(May 10, 2013) Introduced just six months ago, the Marine Institute’s (MI) Fishing Vessel Stability Simulator (FVSS) is already getting national recognition. The FVSS recently received an Award of Merit at the 2013 Canadian Network for Innovation in Education Conference in Ottawa in the category of Excellence and Innovation in the Integration of Technology in a Formal or Non-Formal Educational Program.

“We are extremely honored to receive this distinguished award,” said Carey Bonnell, head, MI’s School of Fisheries.  “This was a true team effort with all of our partners and a joint recognition for the tremendous amount of effort that has gone into the development of this program.”

The project is a joint collaboration between the Canadian Council of Professional Fish Harvesters (CCPFH) and MI. The multimedia content and user interface was produced by Memorial University’s Distance Education, Learning and Teaching Support and MI’s Centre for Marine Simulation and Virtual Marine Technology.

The FVSS is the first of its kind to demonstrate the fundamental principles of vessel stability using a desktop computer. The interactive learning tool is receiving positive reviews from students and instructors at the Marine Institute and other educational institutions across Canada.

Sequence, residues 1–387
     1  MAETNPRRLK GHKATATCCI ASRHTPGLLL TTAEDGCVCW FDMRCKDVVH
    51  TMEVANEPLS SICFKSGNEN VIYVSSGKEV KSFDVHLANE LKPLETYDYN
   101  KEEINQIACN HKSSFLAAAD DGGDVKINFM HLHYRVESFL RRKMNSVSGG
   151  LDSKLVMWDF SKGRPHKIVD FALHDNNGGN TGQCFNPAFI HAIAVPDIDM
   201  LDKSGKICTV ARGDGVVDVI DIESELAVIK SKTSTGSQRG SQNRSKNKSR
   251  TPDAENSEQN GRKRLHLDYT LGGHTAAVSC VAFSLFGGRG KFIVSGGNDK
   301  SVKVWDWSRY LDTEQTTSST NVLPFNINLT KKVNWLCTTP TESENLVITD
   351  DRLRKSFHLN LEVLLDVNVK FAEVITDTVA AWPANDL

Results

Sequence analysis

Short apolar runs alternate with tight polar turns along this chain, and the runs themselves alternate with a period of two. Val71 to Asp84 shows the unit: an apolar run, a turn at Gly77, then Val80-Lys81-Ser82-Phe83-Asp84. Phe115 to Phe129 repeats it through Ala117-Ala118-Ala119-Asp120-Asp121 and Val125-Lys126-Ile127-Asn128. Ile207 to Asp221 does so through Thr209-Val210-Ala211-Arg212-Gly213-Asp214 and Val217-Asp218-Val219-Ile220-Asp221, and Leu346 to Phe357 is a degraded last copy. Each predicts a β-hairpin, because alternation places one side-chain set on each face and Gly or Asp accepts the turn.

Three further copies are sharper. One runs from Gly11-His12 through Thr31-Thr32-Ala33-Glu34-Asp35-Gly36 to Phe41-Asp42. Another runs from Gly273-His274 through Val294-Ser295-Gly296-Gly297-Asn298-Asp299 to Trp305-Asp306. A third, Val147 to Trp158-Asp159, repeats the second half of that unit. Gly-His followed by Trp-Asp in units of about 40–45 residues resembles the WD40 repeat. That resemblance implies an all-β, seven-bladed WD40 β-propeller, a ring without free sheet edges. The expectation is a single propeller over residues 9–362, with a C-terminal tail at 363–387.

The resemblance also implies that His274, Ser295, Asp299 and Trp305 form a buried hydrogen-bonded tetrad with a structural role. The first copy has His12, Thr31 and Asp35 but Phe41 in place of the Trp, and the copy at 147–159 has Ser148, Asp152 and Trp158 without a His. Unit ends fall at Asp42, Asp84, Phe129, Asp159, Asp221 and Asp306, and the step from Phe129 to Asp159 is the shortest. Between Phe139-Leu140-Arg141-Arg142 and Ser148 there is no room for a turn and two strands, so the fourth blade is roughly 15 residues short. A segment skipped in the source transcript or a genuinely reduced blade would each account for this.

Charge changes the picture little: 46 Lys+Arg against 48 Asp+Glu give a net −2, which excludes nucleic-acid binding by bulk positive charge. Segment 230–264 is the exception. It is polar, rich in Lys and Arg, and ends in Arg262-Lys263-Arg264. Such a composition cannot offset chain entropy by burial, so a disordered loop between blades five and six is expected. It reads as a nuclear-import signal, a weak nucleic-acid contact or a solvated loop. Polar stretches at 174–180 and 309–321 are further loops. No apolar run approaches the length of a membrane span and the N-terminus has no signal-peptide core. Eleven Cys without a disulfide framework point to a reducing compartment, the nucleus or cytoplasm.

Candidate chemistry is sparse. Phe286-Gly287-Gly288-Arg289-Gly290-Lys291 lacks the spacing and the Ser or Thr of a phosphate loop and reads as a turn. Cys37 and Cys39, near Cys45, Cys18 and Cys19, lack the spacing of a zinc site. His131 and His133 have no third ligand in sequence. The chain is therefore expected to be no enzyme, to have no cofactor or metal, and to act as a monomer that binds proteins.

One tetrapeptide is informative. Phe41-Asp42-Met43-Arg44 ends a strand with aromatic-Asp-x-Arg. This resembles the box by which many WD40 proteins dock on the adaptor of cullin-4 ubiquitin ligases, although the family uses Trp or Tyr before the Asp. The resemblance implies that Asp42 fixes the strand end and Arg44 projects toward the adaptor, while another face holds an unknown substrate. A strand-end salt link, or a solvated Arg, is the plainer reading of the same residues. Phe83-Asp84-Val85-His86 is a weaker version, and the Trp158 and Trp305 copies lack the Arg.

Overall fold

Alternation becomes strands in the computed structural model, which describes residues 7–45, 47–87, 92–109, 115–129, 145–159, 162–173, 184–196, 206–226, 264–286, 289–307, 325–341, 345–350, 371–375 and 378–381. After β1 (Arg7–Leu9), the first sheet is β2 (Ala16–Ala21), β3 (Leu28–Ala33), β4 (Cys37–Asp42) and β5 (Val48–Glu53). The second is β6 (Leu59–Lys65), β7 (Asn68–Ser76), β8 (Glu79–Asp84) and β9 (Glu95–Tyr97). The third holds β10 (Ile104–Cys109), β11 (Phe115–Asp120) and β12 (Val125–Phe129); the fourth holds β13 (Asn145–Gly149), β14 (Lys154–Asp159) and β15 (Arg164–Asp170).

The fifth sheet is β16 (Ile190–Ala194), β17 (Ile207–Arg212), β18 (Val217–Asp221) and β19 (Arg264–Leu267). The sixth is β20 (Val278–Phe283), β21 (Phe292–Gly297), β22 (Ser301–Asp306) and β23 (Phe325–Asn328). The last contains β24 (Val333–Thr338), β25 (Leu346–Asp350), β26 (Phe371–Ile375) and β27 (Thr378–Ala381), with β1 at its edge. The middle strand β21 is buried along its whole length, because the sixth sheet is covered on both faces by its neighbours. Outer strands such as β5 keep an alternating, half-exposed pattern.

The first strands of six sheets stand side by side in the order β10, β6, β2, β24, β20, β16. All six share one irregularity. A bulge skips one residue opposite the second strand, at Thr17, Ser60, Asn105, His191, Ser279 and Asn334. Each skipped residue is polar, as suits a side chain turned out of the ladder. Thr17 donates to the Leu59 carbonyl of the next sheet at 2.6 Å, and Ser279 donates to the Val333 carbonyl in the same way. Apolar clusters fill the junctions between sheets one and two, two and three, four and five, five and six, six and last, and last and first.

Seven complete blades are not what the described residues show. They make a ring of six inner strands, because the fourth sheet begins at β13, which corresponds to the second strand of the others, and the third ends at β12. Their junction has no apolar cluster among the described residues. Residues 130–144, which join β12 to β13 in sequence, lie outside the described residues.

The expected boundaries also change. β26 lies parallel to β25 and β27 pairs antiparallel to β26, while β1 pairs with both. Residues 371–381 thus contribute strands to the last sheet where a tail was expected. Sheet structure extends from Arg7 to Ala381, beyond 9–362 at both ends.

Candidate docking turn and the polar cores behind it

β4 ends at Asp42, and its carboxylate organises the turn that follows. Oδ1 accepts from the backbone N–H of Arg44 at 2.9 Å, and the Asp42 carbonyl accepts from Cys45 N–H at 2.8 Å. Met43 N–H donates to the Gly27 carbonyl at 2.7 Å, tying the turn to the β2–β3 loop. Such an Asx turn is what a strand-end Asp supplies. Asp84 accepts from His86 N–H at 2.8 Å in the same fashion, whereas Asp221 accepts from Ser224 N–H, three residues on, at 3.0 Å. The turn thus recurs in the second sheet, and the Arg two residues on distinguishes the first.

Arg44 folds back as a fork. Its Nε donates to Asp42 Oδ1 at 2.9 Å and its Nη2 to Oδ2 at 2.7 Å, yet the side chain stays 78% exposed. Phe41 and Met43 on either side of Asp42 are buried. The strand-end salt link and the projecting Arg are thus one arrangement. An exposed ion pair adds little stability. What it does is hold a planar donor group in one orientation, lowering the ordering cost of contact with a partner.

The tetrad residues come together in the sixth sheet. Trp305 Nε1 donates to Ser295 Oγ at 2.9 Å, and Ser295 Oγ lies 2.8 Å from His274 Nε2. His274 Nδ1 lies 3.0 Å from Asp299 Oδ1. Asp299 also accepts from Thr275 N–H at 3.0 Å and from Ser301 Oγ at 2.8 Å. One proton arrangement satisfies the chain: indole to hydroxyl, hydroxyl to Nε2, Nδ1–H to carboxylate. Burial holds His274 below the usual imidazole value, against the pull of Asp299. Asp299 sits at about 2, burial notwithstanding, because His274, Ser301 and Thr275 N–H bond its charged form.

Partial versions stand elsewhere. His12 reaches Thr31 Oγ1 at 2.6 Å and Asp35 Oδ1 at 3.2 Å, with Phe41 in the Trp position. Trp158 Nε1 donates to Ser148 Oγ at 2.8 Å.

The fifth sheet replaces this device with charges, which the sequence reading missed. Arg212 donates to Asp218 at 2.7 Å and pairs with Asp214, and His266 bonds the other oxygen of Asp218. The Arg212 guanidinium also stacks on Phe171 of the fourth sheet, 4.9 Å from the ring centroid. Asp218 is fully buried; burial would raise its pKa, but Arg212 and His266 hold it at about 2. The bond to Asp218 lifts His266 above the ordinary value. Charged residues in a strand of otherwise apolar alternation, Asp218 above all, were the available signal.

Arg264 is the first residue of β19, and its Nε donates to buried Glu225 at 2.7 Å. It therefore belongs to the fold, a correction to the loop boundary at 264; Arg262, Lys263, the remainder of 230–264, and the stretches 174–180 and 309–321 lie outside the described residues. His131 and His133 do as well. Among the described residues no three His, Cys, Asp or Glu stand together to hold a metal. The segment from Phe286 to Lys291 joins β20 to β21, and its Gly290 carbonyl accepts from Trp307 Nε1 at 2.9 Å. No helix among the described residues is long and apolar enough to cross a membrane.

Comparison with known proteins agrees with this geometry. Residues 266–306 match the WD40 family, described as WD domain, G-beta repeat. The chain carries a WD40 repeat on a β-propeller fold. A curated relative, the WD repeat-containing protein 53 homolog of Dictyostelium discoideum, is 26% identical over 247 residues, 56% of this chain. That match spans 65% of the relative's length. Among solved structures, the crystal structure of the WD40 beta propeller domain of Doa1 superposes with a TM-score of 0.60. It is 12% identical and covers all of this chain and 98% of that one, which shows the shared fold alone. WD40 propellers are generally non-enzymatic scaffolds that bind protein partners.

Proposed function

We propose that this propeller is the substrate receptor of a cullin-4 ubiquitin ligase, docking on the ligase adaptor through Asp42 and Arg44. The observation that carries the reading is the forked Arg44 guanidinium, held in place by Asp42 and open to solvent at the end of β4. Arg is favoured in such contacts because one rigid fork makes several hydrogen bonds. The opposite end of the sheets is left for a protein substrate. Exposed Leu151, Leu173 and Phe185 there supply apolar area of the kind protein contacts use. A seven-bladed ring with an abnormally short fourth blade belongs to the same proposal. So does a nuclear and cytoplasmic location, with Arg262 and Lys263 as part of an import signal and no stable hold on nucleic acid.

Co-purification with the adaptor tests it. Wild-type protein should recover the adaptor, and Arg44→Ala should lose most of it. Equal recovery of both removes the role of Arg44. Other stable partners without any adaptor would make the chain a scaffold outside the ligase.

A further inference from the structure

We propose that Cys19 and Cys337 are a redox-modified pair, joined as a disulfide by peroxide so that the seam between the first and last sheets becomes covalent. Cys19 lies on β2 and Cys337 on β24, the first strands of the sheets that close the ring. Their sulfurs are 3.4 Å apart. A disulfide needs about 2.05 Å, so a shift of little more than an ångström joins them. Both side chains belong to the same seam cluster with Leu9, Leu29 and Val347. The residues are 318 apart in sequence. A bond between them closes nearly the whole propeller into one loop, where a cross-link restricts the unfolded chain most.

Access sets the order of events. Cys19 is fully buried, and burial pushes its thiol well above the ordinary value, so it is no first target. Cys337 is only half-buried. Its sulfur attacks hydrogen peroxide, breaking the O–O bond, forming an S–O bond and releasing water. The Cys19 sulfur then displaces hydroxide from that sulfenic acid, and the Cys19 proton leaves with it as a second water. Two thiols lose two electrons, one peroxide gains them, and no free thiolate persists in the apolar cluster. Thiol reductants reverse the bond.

Fish harvesters can download the program for free from the Canadian Council of Professional Fish Harvesters website,

The unique approach to training provides a rich learning resource for fish harvesters to interact with the material, testing what they learn in simulated fishing operations. The ultimate goal is to provide fish harvesters throughout Canada with the means to learn the concepts of fishing vessel stability, apply them to virtual vessels and to subsequently save lives.

The CCPFH and Marine Institute continue to promote and support the FVSS and its importance as an educational program for all harvesters.

“Safety starts with knowing the fundamentals of vessel stability and understanding how a vessel can react, not just relying on experience or feel of the boat. The safety of the vessel and its crew should be first and foremost in any fishing enterprise,” said Bonnell.

The FVSS project was funded by the Department of Fisheries and Aquaculture, Canadian Centre for Fisheries Innovation, Atlantic Canada Opportunities Agency, Research and Development Corporation of NL, Transport Canada & the National Search and Rescue Secretariat New Initiatives Fund (SAR-NIF) and the Newfoundland and Labrador Professional Fish Harvesters Certification Board.

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